Why Coffee Shops Are Better Than Golf Courses for Small Business Deals

I’m admittedly not an avid golfer. I’ve never negotiated a deal on the green. But, I have closed many deals over a fresh cup of java. I personally find coffee houses to be the perfect neutral grounds for dialogue, be it business or personal. And you can switch it up a lot, especially if you’re not just relegated to Starbucks and Dunkin Donuts. I’m all about driving local economies and supporting small businesses. That’s why, specifically here in the city of Memphis, I only frequent coffee shops such as Republic Coffee, Avenue Coffee, or Cafe Eclectic. Aside from the convenient access to food and beverages, here’s why I say that coffee shops are better than golf courses for small business deals:

  • More Cost Effective – now, I know greens fees vary depending on the type of facility and the golf market where you live/play. But, even at the cheapest, you’re looking at about $10 per person for a 9-hole round of golf, and that’s without accounting for a cart, clubs, or food and drinks. That same $10 per person becomes a beverage or two and something to snack on at a coffee shop. As a small business owner, I’m always looking to maximize my dollars, and golfing just isn’t an optimum choice.

  • Not as Restricted by Weather Conditions – who’s going golfing when it rains? Maybe Tiger Woods or Phil Mickelson, but not many others. Inclement weather could delay negotiations on an urgent business matter, if you’re staging the talks at the golf course. With a few exceptions, coffee houses have roofs and walls. Come rain or shine, we can go get a deal done at a local coffee joint while also warming our souls with a couple hot cups of joe.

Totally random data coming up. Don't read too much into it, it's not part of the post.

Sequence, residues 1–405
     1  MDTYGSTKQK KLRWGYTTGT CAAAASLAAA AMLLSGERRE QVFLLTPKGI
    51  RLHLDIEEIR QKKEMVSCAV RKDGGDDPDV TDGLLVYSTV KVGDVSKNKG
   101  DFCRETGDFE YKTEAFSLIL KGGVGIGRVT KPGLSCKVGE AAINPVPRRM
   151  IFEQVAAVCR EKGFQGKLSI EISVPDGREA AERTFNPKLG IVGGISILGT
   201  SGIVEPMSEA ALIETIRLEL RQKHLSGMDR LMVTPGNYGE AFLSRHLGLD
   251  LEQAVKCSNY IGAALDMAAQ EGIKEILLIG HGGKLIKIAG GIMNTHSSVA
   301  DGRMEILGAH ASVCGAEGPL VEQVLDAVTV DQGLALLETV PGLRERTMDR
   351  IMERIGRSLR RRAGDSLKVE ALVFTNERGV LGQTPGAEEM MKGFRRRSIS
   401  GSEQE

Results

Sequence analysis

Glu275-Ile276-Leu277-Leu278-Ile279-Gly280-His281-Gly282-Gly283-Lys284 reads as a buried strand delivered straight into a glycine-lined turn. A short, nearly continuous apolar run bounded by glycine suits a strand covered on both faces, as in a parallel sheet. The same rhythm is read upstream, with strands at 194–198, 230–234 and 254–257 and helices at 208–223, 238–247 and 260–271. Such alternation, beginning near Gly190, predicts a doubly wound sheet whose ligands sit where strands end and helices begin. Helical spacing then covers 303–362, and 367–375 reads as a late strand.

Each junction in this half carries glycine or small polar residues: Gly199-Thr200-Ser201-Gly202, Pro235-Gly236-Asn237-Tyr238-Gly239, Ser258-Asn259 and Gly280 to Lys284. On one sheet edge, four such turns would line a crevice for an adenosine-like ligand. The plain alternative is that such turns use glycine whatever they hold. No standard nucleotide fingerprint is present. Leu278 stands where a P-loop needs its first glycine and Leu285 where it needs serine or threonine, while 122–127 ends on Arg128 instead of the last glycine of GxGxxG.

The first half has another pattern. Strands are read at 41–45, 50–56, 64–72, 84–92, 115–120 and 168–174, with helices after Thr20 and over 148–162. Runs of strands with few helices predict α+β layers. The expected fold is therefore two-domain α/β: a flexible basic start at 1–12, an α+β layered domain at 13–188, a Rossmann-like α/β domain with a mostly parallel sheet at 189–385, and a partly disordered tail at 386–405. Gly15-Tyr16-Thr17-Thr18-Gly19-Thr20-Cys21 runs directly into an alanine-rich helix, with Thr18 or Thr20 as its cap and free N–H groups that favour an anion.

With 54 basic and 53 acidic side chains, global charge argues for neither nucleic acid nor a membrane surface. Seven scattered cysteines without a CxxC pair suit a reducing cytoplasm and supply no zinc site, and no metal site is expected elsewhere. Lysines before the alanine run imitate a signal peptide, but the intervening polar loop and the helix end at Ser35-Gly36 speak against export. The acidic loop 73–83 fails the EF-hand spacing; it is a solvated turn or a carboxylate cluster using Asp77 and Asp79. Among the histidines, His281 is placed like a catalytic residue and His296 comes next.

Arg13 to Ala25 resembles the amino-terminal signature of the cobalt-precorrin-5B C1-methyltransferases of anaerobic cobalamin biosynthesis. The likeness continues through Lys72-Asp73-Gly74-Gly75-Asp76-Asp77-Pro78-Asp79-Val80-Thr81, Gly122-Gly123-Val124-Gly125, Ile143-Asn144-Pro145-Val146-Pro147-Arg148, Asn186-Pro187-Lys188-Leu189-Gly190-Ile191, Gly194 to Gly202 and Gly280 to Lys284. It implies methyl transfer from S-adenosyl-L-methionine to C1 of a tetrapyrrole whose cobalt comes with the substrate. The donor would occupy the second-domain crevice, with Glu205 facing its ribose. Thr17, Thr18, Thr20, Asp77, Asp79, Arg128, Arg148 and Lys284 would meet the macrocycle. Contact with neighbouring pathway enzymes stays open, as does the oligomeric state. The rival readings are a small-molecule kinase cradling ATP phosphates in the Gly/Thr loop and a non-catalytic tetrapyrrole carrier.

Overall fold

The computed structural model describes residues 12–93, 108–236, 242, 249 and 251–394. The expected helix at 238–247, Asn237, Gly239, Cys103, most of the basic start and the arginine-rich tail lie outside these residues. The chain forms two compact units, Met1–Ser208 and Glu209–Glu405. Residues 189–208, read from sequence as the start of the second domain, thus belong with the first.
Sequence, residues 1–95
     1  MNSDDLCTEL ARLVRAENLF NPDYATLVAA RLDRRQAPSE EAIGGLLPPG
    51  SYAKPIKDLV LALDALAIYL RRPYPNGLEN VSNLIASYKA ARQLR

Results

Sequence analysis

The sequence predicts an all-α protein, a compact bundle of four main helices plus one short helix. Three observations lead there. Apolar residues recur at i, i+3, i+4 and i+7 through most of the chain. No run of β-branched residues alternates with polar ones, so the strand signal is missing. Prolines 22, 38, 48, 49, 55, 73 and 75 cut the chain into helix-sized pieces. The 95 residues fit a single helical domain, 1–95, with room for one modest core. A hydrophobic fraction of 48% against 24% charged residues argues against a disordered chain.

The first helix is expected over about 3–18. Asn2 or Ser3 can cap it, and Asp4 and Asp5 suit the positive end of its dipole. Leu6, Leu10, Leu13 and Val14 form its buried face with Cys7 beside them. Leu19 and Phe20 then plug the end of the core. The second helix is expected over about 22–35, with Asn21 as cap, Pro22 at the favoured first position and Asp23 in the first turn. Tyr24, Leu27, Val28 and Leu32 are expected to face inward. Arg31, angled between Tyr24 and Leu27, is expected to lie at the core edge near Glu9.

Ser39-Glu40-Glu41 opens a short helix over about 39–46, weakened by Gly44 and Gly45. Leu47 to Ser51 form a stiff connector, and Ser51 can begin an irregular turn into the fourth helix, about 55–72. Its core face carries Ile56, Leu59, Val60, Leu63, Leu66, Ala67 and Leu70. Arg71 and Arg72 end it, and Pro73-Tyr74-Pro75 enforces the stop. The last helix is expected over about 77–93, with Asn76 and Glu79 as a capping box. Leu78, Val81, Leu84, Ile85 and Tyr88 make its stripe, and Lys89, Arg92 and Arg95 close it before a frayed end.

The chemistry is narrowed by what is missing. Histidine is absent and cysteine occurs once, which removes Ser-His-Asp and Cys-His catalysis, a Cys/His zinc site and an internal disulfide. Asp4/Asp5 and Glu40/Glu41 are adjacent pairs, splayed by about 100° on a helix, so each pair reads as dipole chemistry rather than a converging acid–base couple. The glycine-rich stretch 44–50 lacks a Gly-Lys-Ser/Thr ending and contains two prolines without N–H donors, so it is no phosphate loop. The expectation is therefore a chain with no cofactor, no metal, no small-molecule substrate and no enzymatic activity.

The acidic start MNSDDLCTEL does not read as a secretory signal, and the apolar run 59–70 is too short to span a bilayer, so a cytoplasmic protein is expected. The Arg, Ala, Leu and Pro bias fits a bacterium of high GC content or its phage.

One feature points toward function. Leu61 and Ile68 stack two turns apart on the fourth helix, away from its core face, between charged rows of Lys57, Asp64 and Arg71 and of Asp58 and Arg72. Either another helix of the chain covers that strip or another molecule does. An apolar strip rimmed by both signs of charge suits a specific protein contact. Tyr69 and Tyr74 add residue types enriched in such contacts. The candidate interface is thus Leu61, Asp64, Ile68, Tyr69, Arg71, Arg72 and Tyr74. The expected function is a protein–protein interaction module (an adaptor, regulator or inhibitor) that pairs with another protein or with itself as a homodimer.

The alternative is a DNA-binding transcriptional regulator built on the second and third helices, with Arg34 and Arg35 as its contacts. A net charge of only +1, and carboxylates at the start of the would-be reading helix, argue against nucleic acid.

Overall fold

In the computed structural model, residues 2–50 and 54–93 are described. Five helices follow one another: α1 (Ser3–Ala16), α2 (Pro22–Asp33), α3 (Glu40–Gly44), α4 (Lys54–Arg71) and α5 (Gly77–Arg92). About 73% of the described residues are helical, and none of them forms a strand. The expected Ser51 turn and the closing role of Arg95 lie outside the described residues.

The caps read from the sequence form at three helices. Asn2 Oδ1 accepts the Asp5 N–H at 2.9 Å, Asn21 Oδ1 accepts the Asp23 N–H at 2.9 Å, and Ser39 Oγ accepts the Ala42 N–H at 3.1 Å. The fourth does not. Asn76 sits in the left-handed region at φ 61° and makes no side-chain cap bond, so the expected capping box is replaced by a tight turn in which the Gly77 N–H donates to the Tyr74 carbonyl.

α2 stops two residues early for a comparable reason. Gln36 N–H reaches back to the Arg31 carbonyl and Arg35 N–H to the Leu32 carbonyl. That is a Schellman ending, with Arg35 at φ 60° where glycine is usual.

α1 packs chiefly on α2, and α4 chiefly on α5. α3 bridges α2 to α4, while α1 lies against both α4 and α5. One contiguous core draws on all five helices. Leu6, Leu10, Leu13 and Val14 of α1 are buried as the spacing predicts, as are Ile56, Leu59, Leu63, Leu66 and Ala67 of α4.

• More Inclusive – coffee shops are usually very diverse, whereas golf courses are usually the opposite. Coffee shops are grounds for all to come, whether they’re a seven-figure-earning executive looking for a place to skim the New York Times while they enjoy their coffee, or whether they’re a just-over-broke college student looking for a place to get a last minute assignment done because they have no internet service in their apartment. Everyone should be able to feel comfortable in the coffee shop environment. Golf courses are more for the exclusivity crowd (which there are times when that is beneficial, too).